November 2023: Afila Tendril Peas

This month’s seed kit features Afila Tendril Peas. To support our environment, seed kits are now available digitally. Scan the QR codes on the seed packets to download planting logs, delicious recipes, fun craft ideas, and coloring pages.

Afila Tendril Peas (Pisum sativum)

Light green in color with mild to slightly sweet and nutty flavor and an abundance of tendrils. Afila Tendril Peas adds flavor and texture to salads, sandwiches, and more!

Planting Instructions

Note: Can be grown for use as microgreens or as standard peas. Microgreen growing instructions follow. For peas, see the instructions for Little Marvel Peas in our seed kit archive at

Culture: Can be grown indoors! If indoors, select a sunny window or use a grow light to ensure that they receive adequate light.

Start by soaking your pea seeds in water for 6-12 hours. Add sterile soil to a shallow tray or pot with drainage holes and a bottom tray to allow bottom watering (recycled plastic fruit or pie containers will work for this purpose). Firm the soil gently and add water to the bottom tray. Spread peas evenly across the soil leaving a little space between each one. Cover the peas with a thin layer of soil and tamp down gently, then spritz the soil with enough water to moisten, but not saturate, the soil.

To encourage germination, cover the tray with a piece of cardboard or other opaque material so that the seeds are “in the dark.” Remove the cover after two days. You should see the beginnings of sprouts! Keep growing tray in a well-lit area. Add water to the bottom tray as needed.

Harvest: Harvest when pea shoots reach 3-6 inches in height, about 9-11 days. Using scissors or a sharp knife, cut shoots just above the soil line.

More About Afila Tendril Peas

Native to the Mediterranean and West Asia regions, peas, beans, and grains were one of the earliest domesticated crops. While their origin is unknown, evidence of domesticated peas dating back to the Neolithic period has been discovered in Turkey and Iraq. These early forms of domesticated peas, known as field peas, were likely cultivated to be dried before consumption. Field peas quickly spread throughout Europe and other varieties of the plant emerged. One such variety, the garden pea, was discovered at an archaeological site in Switzerland dating back to ≈3,000 BCE. The garden pea was cultivated primarily to be eaten fresh. Ancient Greeks and Romans also cultivated the garden pea and spread the plant to India and China. Later, European settlers introduced the plant to North America.  

In the mid-1800s Gregor Mendel—often referred to as the “father of genetics”—examined garden peas to study hereditary traits. By breeding pea plants and identifying patterns in the passing of traits, such as plant height, seed shape, and seed color, Mendel discovered the principle of dominance and recessiveness in genetic inheritance. The Afila Tendril pea—the result of a spontaneous genetic mutation first identified in 1958—was very advantageous for farming as it produces a pea plant that grows numerous tendrils rather than heavy leaves. When densely planted, the tendrils of the Afila pea plants vine together to create a tall, self-supporting canopy, lifting the pea pods high above the ground and protecting them from pests and disease.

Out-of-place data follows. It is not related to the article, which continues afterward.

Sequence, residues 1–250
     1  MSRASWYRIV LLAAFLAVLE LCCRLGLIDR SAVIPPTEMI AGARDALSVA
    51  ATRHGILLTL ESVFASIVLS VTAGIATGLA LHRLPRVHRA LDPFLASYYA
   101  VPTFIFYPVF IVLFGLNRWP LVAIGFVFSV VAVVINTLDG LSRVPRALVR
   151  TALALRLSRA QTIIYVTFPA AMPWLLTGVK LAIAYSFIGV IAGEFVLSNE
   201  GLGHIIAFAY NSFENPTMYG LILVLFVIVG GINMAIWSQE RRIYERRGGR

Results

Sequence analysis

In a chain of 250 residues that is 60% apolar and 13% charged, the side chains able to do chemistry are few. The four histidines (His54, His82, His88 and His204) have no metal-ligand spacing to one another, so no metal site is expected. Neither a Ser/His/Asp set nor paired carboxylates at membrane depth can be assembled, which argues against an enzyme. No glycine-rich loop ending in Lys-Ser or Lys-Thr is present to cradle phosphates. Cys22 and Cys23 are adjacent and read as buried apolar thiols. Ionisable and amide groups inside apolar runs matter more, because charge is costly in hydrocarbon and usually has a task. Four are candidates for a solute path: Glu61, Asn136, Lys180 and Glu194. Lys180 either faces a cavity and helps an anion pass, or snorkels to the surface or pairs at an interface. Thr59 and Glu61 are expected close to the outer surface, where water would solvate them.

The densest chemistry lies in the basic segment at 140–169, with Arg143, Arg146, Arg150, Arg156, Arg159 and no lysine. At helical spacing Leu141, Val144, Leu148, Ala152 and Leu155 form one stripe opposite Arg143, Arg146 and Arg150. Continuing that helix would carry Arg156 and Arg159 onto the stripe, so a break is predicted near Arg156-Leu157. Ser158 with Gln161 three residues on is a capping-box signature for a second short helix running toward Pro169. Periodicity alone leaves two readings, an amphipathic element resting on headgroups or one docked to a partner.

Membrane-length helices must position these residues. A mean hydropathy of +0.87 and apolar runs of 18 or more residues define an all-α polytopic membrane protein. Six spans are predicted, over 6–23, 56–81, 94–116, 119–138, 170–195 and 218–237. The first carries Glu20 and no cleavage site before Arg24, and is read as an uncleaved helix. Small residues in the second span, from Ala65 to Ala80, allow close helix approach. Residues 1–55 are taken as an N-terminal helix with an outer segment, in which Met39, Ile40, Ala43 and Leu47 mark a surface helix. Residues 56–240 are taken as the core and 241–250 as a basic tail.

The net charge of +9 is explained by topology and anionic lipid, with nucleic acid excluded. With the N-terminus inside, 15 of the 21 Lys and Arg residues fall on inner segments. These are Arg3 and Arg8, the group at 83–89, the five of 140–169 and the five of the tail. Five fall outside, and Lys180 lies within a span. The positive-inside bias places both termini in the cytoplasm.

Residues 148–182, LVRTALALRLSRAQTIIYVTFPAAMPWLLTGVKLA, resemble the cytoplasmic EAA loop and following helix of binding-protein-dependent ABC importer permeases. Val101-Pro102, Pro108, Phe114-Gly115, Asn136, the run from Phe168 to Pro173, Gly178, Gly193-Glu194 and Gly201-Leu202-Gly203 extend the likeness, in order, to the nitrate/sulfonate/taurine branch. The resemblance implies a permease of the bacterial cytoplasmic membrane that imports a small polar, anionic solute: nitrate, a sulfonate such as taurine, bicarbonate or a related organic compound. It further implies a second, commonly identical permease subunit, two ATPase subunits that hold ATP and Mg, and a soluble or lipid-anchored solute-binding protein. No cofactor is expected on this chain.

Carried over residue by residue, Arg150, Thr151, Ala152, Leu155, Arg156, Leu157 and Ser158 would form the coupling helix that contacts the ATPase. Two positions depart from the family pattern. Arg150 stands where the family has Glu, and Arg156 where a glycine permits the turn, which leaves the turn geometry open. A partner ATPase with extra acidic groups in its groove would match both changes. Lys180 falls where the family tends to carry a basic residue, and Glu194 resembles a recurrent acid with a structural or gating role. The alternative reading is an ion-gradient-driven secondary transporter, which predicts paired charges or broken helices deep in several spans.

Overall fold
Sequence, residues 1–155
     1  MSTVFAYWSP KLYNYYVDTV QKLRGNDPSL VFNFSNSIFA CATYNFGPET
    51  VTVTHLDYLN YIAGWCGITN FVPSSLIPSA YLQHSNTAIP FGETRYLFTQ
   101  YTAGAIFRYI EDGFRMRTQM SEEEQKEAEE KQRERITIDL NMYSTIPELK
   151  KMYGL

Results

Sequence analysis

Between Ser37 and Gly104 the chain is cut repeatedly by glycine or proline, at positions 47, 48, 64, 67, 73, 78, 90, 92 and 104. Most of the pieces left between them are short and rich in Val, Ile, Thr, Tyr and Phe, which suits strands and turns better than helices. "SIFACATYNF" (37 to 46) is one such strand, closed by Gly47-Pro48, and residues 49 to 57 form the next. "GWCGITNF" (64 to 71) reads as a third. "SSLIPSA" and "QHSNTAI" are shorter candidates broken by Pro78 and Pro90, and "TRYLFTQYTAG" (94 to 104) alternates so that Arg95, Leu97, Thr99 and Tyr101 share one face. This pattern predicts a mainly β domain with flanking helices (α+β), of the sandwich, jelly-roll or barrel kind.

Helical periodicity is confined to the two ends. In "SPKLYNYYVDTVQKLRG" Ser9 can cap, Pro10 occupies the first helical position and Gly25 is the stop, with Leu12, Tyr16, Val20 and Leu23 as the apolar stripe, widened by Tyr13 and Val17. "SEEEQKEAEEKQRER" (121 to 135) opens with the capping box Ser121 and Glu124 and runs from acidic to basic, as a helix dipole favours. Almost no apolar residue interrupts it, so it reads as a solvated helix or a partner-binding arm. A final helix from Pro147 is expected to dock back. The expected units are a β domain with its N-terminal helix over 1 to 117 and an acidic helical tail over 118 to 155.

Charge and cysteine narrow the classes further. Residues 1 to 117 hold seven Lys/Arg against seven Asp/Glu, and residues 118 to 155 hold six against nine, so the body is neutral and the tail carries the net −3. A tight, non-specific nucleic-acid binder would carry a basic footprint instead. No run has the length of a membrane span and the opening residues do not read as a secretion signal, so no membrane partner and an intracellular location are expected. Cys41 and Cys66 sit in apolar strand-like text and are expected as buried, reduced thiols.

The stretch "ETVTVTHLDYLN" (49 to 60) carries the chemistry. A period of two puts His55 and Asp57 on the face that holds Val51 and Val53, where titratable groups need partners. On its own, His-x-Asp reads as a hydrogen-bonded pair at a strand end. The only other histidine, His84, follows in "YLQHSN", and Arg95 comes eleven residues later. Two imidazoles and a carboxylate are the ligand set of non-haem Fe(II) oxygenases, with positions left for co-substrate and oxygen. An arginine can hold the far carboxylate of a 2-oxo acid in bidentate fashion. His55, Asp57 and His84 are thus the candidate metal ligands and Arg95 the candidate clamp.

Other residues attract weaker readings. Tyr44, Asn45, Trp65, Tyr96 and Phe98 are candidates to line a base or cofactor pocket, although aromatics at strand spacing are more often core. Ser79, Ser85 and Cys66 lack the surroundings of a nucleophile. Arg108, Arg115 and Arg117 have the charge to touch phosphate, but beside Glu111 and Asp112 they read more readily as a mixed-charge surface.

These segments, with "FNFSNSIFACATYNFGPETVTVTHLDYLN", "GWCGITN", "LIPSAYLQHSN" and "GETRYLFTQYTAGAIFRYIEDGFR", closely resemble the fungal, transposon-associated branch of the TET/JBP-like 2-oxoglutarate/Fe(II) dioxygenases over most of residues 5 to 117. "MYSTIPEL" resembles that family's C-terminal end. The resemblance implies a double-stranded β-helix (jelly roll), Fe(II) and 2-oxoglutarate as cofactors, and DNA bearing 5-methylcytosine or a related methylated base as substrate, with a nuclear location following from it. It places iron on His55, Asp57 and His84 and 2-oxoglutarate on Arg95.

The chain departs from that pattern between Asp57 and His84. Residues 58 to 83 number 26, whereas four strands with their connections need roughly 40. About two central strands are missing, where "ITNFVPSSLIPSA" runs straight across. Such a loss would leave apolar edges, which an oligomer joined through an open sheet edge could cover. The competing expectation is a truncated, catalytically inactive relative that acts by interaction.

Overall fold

Pea Shoot Salad with Lemon Vinaigrette

Serves: 4    Prep time: 10 minutes   Cook Time: 10 minutes 



  • ½ cup of fresh or frozen peas  
  • 1 large bunch of pea tendrils chopped
  • Handful of mint leaves roughly chopped or torn  
  • ¼ cup of shaved parmesan cheese 
  • 1 tbsp. lemon juice  
  • ½ tsp. lemon zest (optional) 
  • 1 clove garlic minced  
  • ¼ cup of extra virgin olive oil 
  • 1 tsp. white wine vinegar  
  • ½ tsp. sugar or honey 
  • ¼ tsp. kosher salt


  1. In a bowl, whisk together lemon juice, lemon zest, garlic, olive oil, white wine vinegar, sugar or honey, salt, and pepper.
  2. In a large bowl, toss together pea shoots, peas, mint, and parmesan cheese.
  3. Pour dressing over salad and toss.

Craft: Tool Cleaning Bucket

You’ll Need:

  • Metal or plastic bucket
  • Sand (grittier sand works best!)
  • Mineral oil or another general-purpose lubricating oil
  • Paint or markers to decorate


  1. Decorate your bucket however you want before starting.
  2. Fill the bucket with sand up to the 3/4 full mark.
  3. Pour in the mineral oil. The size of the bucket determines how much oil to put in; generally, 20-30 oz of oil to 50 lbs. of sand. You can adjust as needed.
  4. Mix the oil, looking for a moist, but not dripping, consistency. Add more oil if needed.
  5. Add your tools to the bucket. You’ll want to leave the handles outside the sand. The abrasive sand and the oil keep tools sharp, well-lubricated, and rust-free.